National News

French underage sex trial fuels debate

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Lawyers for the suspect Marc Goudarzian and Sandrine Parise-Heideiger, left, enter the court Tuesday, Feb.13, 2018 in Pontoise, outside Paris. A 29-year-old man is set to appear in a French court Tuesday for having sex with an 11-year-old girl last year, in a trial that has rekindled debate on the age of sexual consent in France. In a decision that shocked many, the prosecutor's office in the Paris suburb of Pontoise decided to send the man to trial on charges of "sexual abuse of a minor under 15 years old," and not rape. (AP Photo/Francois Mori)

 

A 29-year-old French man has gone on trial in a Paris suburb for having sex with an 11-year-old girl, in a case that has rekindled strong debate on the age of sexual consent in France.

Unlike many countries, France does not have a legal age under which a minor cannot agree to a sexual relationship - although the country's top court has ruled that children aged five and under cannot consent.

Lawyers for the suspect argued that the girl was consenting and aware of what she was doing, while lawyers for the girl have said she was simply too young and confused to resist.

In a decision that shocked many, the prosecutor's office in the town of Pontoise decided to put the man on trial not for rape but for charges of "sexual abuse of a minor under 15."

Defense lawyers say the man and the girl met in a park and the girl voluntarily followed him to an apartment and consented to have sex. They've also claim their client, then 28, thought she was over 15.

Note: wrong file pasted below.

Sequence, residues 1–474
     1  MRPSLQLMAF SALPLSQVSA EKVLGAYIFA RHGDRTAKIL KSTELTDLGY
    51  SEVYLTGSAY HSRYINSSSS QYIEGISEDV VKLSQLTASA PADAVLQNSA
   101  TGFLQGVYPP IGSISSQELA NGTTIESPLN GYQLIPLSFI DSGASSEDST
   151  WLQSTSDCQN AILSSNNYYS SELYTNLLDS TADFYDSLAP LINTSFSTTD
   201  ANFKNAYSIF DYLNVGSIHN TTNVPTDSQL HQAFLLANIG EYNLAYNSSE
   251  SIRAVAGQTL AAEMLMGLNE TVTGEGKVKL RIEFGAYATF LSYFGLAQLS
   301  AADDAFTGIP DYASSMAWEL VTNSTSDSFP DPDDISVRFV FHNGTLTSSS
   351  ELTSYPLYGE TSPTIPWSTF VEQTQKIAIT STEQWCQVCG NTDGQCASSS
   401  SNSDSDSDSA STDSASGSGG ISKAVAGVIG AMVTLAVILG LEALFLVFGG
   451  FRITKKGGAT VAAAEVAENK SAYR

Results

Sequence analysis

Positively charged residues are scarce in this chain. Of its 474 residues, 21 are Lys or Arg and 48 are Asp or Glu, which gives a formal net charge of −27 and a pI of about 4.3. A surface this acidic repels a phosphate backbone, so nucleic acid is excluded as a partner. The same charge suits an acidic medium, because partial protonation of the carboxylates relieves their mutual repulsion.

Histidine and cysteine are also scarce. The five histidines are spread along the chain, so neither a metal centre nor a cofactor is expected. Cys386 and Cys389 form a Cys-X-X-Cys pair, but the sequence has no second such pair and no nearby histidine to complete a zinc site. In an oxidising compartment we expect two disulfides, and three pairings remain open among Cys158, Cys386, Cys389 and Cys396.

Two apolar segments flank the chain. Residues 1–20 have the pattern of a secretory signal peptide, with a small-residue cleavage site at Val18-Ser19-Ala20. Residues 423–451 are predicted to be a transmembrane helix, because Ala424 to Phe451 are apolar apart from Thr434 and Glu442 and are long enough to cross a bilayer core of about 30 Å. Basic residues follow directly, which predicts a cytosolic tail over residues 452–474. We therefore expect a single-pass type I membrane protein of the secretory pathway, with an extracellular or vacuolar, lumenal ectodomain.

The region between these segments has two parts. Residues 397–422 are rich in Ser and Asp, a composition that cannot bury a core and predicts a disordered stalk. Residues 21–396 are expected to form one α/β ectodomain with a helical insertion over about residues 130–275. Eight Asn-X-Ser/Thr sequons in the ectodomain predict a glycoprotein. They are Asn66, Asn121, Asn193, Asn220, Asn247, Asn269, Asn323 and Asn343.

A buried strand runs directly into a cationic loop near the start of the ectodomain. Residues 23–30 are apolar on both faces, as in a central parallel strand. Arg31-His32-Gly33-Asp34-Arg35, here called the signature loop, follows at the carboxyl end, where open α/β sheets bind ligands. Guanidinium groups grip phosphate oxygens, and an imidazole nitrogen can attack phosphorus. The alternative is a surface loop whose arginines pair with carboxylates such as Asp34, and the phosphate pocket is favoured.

If convicted of sexual abuse, the suspect, a father of two, faces up to five years in prison. The rape of a minor under 15, however, is punishable with up to 20 years in prison.

Carine Diebolt, the lawyer for the family, asked the court to re-characterise the charge from sexual abuse to rape.

The presiding judge said the prosecutor chose a wrong charge and ordered the case to be sent back to investigators for a thorough investigation. As a result, the trial was postponed.

The Montmagny case is one of several that have prompted an uproar over France's rules on child sex abusers, which are considered too lax by child rights groups and feminists.

French President Emmanuel Macron's government has proposed a bill to introduce a minimum legal age for sexual consent for the first time - and includes a provision saying that sex with children under a certain age is by definition coercive.

© AP 2018